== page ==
You definitely have to go with what you’re comfortable with online, of course. But I just find it impossible to sort out your (multiple “guest”s) voices to get a sense of who I’m talking to. I know I could check profiles and previous posts but I don’t because I’m almost always posting on my phone on the fly (like now). It’s just frustrating because I’ve started to get a sense of other posters individual voices. Sometimes I love your posts and then other times I’m thinking “huh, is this the same guest?”. I guess the downside for you is that sometimes I think you said things that you didn’t. But the upside of that is that I don’t know who you are. So, if another “guest” says they are a Scientologist and don’t believe in psychology, it won’t matter if I think that’s you. LOL! I should probably just go swim some laps.

          • EmilyAnon

            Wouldn’t it be funny if all the “guests” were the same person taking opposite sides of an issue just to roil the pot.

        • Patient Kit

          I’m glad I’m not the only one confused by guests. Guest posts confuse me even when they aren’t responding to another guest. I dunno. Maybe with three major surgeries in the last couple of years, I’ve just had too much general anesthesia and painkillers. I’m probably just not as sharp as I used to be. :-p

    • querywoman

      Most of my own doctors know what’s on the $4/$10 list. I saw a list of those meds in the nurse practitioner’s examining room in my mother’s oncologist’s office.

  • maggiebea

    This gets even worse when you consider how many of us have been told – by doctors, pharmacists, and family members – that the only safe way to take multiple meds is to always get them at the same pharmacy, because that way the pharmacist can look out for drug interactions. If we start price-shopping every script, that safety will go out the window. Especially when a new med is prescribed by a new doctor, the doctor isn’t necessarily looking at interactions. (sigh)

  • AK

    I can only comment on the first part, because it’s where I have the most experience (Pharmacy intern, grocery chain). We can always tell patients the cash-paying price (i.e. the cost of their medications w/o insurance) for any quantity of any drug. The problem comes when it’s through their insurance, in which we would have to enter in the information from a prescription and bill it to their insurance company before we are told by the insurance what the patient’s co-pay will be.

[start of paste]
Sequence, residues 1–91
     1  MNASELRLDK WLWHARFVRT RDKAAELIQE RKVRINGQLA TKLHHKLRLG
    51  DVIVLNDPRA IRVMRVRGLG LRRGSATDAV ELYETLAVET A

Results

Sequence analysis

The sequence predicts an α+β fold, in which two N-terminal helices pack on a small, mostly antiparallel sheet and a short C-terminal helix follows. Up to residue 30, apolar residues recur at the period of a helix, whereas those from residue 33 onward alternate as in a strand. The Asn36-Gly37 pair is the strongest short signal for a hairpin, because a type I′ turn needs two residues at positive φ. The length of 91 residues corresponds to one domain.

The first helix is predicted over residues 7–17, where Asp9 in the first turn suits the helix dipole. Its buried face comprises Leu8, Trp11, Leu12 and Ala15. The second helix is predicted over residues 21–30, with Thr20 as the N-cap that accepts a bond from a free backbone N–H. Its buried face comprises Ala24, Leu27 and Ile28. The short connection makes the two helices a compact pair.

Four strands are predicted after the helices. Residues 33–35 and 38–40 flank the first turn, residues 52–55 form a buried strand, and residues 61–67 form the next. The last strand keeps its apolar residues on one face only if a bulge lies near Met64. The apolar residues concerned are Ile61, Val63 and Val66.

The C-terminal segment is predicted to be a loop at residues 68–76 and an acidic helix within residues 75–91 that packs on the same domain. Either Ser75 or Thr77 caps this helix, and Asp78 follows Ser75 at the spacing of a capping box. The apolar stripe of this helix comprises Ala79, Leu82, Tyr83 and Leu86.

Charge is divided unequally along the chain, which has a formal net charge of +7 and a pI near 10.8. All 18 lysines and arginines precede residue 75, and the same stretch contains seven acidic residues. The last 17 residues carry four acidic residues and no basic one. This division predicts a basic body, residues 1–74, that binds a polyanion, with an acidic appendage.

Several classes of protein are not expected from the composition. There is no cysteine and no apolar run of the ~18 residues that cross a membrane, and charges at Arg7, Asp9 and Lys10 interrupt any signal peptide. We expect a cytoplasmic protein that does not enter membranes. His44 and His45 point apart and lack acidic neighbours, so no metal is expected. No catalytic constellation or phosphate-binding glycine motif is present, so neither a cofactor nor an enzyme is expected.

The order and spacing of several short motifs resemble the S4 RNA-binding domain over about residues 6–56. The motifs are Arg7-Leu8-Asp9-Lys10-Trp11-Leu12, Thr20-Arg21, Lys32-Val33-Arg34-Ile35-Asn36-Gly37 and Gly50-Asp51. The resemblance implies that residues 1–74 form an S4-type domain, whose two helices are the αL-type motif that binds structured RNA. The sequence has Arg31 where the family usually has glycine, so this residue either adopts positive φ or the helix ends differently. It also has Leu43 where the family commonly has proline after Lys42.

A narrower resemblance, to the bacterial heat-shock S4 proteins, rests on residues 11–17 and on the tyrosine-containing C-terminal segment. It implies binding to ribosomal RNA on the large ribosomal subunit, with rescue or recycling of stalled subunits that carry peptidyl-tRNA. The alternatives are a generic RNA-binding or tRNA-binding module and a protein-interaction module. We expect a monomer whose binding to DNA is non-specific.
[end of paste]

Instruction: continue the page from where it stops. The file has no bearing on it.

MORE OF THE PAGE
The differences in prices between pharmacies is the cash costs for each, but through their insurance it should be the same at each location (since the insurance is the one setting the co-pay at that point). Unless of course the insurance has a preferred pharmacy, or if your pharmacy isn’t in their network, or if the insurance prefers the patient to go through mail-order and charges higher at retail locations.

    I always tell my patients how much their insurance covers, or point it out on the handouts, and I don’t mind undoing prescriptions if patients decide to take it somewhere else. If we notice a drug that is a cheaper generic we’ll suggest the doctor write for 90 days next time, or just cash it out for the patient.

    I definitely agree with doctors knowing the costs behind the prescriptions however. Almost daily we get “my doctor told me it was $4″, and we have to professionally explain that not all drugs are $4 and that the doctors don’t work in the pharmacy and sometimes don’t realize the cost. Naproxen 500? Cheap as dirt. Naproxen 550? Well then there’s a problem.

  • Frugal Nurse

    I recently filled a prescription for an Epi-Pen (or pens, since they only come in packs of two now). Rather than have my physician send the prescription electronically to the pharmacy I typically used, I asked for a paper copy (the old fashioned way!). Then I was able to take time to look online and call around for the best price.

    I’m glad I did. Wow, Epi-pens are expensive!. I have an insurance plan with a HUGE deductible ($12,000), and have to pay out of pocket for prescription meds until the deductible is met. But even with the insurance discount, the cheapest Epi-pens I could find were $328.00 ($430 cash).

    Electronic prescriptions are super convenient, especially for the pharmacy that wants to retain customers, but that convenience can come at a high price.